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What level of online influence did local and state-level Republican officials have in the lead-up to the Capitol insurrection? An Associated Press investigation delved into the public and private social media accounts of nearly 1,000 Republican officials to look at how many perpetuated online misinformation leading up to the Jan 6 riot. Garance Burke, global investigative journalist for the Associated Press, joins Hari Sreenivasan to discuss.
As investigations into the January 6th insurrection at the Capitol continue, we're learning more about how misinformation, lies and conspiracy theories online helped to incite the violence.
An investigation by the Associated Press delved into the public and private social media accounts of nearly 1,000 elected and appointed Republican officials at the state and local level nationwide. Many had voiced support for the insurrection, demanding that the 2020 presidential election be overturned.
I recently spoke with Garance Burke, global investigative journalist for the Associated Press about their investigation.
So, Garance, how prevalent is misinformation, disinformation in different circles on a statewide level across the Republican Party?
So after that violent Capital insurrection, we felt it was really important to look clear-eyed at the kind of messaging that was traveling amongst the ranks of lower-level GOP officials. And so what we did is we reviewed the archive of the right-wing aligned social media network Parler and got a sense of exactly the kinds of lies and misinformation and conspiracy theories that are still making their way around quite prevalently in these circles.
How do these different state parties function? Why are they important? Why is it important if someone in their leadership is sharing this kind of information?
So exactly, these are people who the community has elected to represent them or who've been appointed to state, local county boards, commissions by members of the party, as an elected official, you really do have more influence online. And so for that reason, we felt it was important to look at their conversations and the messaging that they're putting out to understand how misinformation and lies are traveling.
Was there a prevalent theme?
Well, what we found is that elected and appointed officials in these lower-level branches of the Republican Party are very bitter about what they perceive, despite no evidence, as the election having been stolen. There's a lot of really angry posting out there about the need to continue the fight, with some officials actually saying that all able-bodied men between the ages of 18 and 45 are part of a militia and should take up arms.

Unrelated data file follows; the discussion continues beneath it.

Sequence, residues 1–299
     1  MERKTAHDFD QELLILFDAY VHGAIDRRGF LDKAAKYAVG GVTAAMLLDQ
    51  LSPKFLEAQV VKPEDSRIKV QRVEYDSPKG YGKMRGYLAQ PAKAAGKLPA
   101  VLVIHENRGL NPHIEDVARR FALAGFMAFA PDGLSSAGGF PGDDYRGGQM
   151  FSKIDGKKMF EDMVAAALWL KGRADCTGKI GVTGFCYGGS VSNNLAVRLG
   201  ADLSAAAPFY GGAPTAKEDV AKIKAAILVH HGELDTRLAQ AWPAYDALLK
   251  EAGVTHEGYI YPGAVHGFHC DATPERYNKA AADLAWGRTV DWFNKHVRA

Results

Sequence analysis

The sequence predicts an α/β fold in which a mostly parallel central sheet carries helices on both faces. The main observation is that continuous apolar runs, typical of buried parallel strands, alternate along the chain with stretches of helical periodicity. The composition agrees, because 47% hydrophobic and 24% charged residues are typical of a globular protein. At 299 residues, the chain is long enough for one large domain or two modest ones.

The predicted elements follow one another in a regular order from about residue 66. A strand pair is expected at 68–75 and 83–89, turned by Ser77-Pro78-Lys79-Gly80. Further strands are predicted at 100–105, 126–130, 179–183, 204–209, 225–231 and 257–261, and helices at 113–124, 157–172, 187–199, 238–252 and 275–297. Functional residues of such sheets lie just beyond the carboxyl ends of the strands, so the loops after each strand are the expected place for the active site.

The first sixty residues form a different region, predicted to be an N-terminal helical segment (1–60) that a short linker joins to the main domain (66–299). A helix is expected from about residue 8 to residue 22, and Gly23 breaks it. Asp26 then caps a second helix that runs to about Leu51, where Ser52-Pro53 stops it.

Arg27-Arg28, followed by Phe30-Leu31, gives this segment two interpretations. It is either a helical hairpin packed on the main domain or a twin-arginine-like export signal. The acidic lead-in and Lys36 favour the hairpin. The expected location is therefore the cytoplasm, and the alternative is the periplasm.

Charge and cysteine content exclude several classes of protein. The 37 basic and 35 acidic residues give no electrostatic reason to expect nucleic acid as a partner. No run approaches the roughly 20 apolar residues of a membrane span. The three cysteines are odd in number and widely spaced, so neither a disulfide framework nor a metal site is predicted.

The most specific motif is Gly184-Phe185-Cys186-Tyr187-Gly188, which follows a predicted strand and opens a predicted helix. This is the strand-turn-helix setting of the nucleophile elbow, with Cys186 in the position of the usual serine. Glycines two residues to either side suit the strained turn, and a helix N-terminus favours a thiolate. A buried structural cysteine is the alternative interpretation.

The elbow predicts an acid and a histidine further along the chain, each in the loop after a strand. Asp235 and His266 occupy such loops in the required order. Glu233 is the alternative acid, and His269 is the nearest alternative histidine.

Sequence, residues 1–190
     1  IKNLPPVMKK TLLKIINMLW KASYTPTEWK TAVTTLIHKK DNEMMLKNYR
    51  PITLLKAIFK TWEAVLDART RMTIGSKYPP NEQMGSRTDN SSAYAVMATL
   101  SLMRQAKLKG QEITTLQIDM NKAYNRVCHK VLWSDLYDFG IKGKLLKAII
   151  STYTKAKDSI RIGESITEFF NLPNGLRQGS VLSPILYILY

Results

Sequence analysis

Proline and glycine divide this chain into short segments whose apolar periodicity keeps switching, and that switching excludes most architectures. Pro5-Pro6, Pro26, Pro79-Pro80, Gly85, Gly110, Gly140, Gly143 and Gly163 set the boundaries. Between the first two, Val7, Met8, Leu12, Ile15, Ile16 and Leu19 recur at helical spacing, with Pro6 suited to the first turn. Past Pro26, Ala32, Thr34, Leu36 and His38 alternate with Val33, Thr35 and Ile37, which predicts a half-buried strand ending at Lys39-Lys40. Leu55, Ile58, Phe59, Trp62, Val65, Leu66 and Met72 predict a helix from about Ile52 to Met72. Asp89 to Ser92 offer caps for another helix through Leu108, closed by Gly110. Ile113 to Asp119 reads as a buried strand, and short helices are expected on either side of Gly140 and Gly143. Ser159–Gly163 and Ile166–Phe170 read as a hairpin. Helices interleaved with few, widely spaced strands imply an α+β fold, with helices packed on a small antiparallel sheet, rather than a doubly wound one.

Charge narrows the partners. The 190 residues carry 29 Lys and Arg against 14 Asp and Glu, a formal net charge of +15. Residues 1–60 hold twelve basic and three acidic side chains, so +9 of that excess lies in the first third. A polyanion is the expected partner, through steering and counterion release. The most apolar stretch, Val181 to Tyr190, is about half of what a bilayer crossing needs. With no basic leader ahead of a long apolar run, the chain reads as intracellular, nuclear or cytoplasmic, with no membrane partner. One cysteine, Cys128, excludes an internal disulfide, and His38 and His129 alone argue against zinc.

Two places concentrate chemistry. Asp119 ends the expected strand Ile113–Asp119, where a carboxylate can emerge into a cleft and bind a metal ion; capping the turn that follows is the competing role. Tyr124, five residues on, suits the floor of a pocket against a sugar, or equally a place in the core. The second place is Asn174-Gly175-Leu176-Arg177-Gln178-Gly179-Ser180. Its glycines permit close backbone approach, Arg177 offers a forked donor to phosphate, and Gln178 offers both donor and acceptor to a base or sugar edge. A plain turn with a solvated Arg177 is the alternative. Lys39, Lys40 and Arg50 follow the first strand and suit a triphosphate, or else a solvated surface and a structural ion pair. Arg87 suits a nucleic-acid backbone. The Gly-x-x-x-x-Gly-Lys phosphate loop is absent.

And is this registering with national law enforcement agencies or even state and local ones?
Well, we don't know exactly what's to come, right? But we do know that FBI and the Department of Homeland Security have warned very recently that there's the potential for more violent extremism and domestic terrorism. We did speak with one Republican official in Michigan who had recently been visited by the FBI. She says she was glad to tell them she did nothing wrong when she went to the Capitol insurrection and simply was there taking a photo. But I think that this is going to be something that our nation's law enforcement agencies are going to be taking a close look at. Absolutely.
What were the reactions from the individuals when you and other reporters showed them why you're calling, what you're calling about, whether they stood by these statements?
Well, the Republican officials who we spoke with, Hari, feel like their speech is being censored on some of the mainstream social media platforms. They're particularly gravitating towards other platforms where they feel that they can speak freely. So I think that for these lower-level GOP officials, there's a real kind of concern here when this fact-checking veers into the suppression of free speech. That's a lot of what we heard. On the other hand, some of the officials when we contacted them and showed them some of the screenshots of the archive post they had put out there on Parler at first denied that they were, in fact, their words and then later acquiesced that indeed they had said these things and stood by them.
As you did all this reporting, what stood out to you?
One of the things that really stood out to me is just that there are, in fact, ties between lower-level Republican officials and militia groups who have taken up arms to protest what they see as very unfair policies, be that, you know, mandates to wear masks in public or now issues tied to the 2020 election. And so I think that what is really interesting to observe is just the kinds of messaging that these groups are trading among themselves surrounding the right to bear arms. And that's, of course, something that I think that FBI will be looking at more deeply as the weeks go forward, these ties to militia groups.
Garance Burke of the Associated Press. Thanks so much for joining us.
Thank you for having me.
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